The trial commissioner also cited Dr. Scarangella ’s office note of September 10, 2010, stating the claimant’s medical history was “otherwise unremarkable” as grounds for finding his opinions unreliable. Counsel for the claimant asserts that this witness subsequently clarified his opinions and the failure to credit the witness’s opinion on causation constitutes reversible error. Claimant’s Brief, p. 8. We disagree. The November 1, 2010 letter which the claimant relies on responds to an October 15, 2010 letter from counsel to the witness which did not reference the fall at the claimant’s home which she had testified to at the formal hearing. While Dr. Scarangella said he now had a medical history from the claimant and counsel prior to opining on the causation of the claimant’s knee injuries, the trial commissioner clearly did not find it persuasive. We note that the claimant’s Motion to Correct focused on the November 1, 2010 letter of Dr. Scarangella. The trial commissioner denied this motion. We are bound by the precedent in Brockenberry v. Thomas Deegan d/b/a Tom’s Scrap Metal, Inc., 5429 CRB-5-09-2 (January 22, 2010), aff’d, 126 Conn. App. 902 (2011) (Per Curiam), where this tribunal held as follows:

When a party files a Motion to Correct this is an effort to bring factual evidence to the trial commissioner’s attention in an effort to obtain a Finding that is consistent with such facts. When a trial commissioner denies such a motion, we may properly infer that the commissioner did not find the evidence submitted probative or credible. Vitti v. Richards Conditioning Corp., 5247 CRB-7-07-7 (August 21, 2008). On appeal, our inquiry is limited to ascertaining if this decision was arbitrary or capricious. Id. The leading case on this point is Beedle v. Don Oliver Home Improvement, 4491 CRB-3-02-2 (February 28, 2003).2

The trial commissioner found the claimant not to be a credible witness. This is his prerogative as the trier of fact. In Burton v. Mottolese, 267 Conn. 1 (2003) the Supreme Court indicated that this is a decision we may not revisit on appeal.

Credibility must be assessed . . . not by reading the cold printed record, but by observing firsthand the witness’ conduct, demeanor and attitude. . . . An appellate court must defer to the trier of fact’s assessment of credibility because [i]t is the [fact finder] . . . [who has] an opportunity to observe the demeanor of the witnesses and the parties; thus [the fact finder] is best able to judge the credibility of the witnesses and to draw necessary inferences therefrom. . . . As a practical matter, it is inappropriate to assess credibility without having watched a witness testify, because demeanor, conduct and other factors are not fully reflected in the cold, printed record.”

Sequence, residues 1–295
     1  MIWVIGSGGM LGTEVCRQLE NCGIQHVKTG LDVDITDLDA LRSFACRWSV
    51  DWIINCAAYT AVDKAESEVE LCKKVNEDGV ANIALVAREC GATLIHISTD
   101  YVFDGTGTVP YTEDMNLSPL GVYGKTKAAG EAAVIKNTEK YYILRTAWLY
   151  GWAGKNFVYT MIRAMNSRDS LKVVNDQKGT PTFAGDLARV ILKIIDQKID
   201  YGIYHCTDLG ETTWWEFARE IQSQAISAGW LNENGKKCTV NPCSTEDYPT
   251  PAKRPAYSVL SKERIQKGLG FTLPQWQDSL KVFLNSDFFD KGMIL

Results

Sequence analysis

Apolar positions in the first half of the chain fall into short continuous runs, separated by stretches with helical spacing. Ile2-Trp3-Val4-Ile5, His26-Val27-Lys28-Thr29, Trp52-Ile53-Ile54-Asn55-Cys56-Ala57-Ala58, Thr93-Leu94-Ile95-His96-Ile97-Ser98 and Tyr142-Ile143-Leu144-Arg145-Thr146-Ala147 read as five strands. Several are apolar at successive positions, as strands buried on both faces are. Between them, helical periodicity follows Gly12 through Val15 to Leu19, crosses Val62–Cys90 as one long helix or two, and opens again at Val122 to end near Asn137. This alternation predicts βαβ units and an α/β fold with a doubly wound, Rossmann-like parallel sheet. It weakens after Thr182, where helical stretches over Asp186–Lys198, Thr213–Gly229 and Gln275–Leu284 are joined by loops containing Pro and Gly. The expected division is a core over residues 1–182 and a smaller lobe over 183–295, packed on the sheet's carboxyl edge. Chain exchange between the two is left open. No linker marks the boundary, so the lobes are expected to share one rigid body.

Burton, supra, 40.

This determination of witness credibility means the trial commissioner may reasonably conclude any medical evidence which relied on the claimant’s narrative to be unreliable. See Baker v. Hug Excavating, Inc., 5443 CRB-7-09-3 (March 5, 2010); Do v. Danaher Tool Group, 5029 CRB-6-05-12 (November 28, 2006), and Abbotts v. Pace Motor Lines, Inc., 4974 CRB-4-05-7 (July 28, 2006), aff’d, 106 Conn. App. 436 (2008), cert. denied, 287 Conn. 910 (2008). Consequently, the trial commissioner’s denial of the Motion to Correct was not arbitrary or capricious.

We also note that the claimant did not present evidence from any other witnesses to her accident. In such cases, if the claimant’s account is found unpersuasive the claim will fail. See Serrano v. Bridgeport Towers Apt., LLC, 5572 CRB-4-10-7 (September 29, 2011) and Smith v. Salamander Designs, Ltd, 5205 CRB-1-07-3 (March 13, 2008), Baker, supra, and Do, supra. We further note that our precedent in Do, supra, is dispositive of the claimant’s argument that the respondent was obligated to present its own evidence to contest the claimant’s narrative of injury. Similar to Do, the claimant’s own testimony offered grounds for the trier of fact to question her proposition that a workplace injury was the source of her present medical condition.

We finally address the claimant’s argument that her Motion to Reopen Judgment should have been granted. We do not find the “mistake of fact” standard of Marone v. Waterbury, 244 Conn. 1 (1998) is met in a case based on evaluating the claimant’s credibility, or when the claimant’s counsel is pursuing the sort of piecemeal litigation proscribed by Schreiber, supra.

We find the rationale of Wierzbicki v. Federal Reserve Bank of Boston, 4147 CRB-1-99-11 (December 19, 2000), appeal dismissed, A.C. 21533 (2001), governs our decision. There we held, “[i]f the trier is not persuaded by the claimant’s evidence, there is nothing that this board can do to override that decision on appeal.” The trial commissioner did not find the claimant’s testimony credible and as we find the medical evidence on causation reliant on this evidence, the trial commissioner could reasonably find the claimant failed in her burden of persuasion. We affirm the Finding and Dismissal.

Commissioners Jodi Murray Gregg and Daniel E. Dilzer concur in this opinion.

1 See also Serrano v. Bridgeport Towers Apt., LLC, 5572 CRB-4-10-7 (September 29, 2011) and Gibson v. State/Department of Developmental Services-North Region, 5422 CRB-2-09-2 (January 13, 2010). BACK TO TEXT

2 This precedent is also dispositive of the claimant’s argument that the trial commissioner was obligated to reference and rely on Respondent’s Exhibit 4, the report of Dr. Peter R. Barnett. We may infer that since this evidence was brought to the trial commissioner’s attention in the Motion to Correct and he denied the Motion to Correct, that he did not find this evidence probative or persuasive. Brockenberry v. Thomas Deegan d/b/a Tom’s Scrap Metal, Inc., 5429 CRB-5-09-2 (January 22, 2010), aff’d, 126 Conn. App. 902 (2011) (Per Curiam.) BACK TO TEXT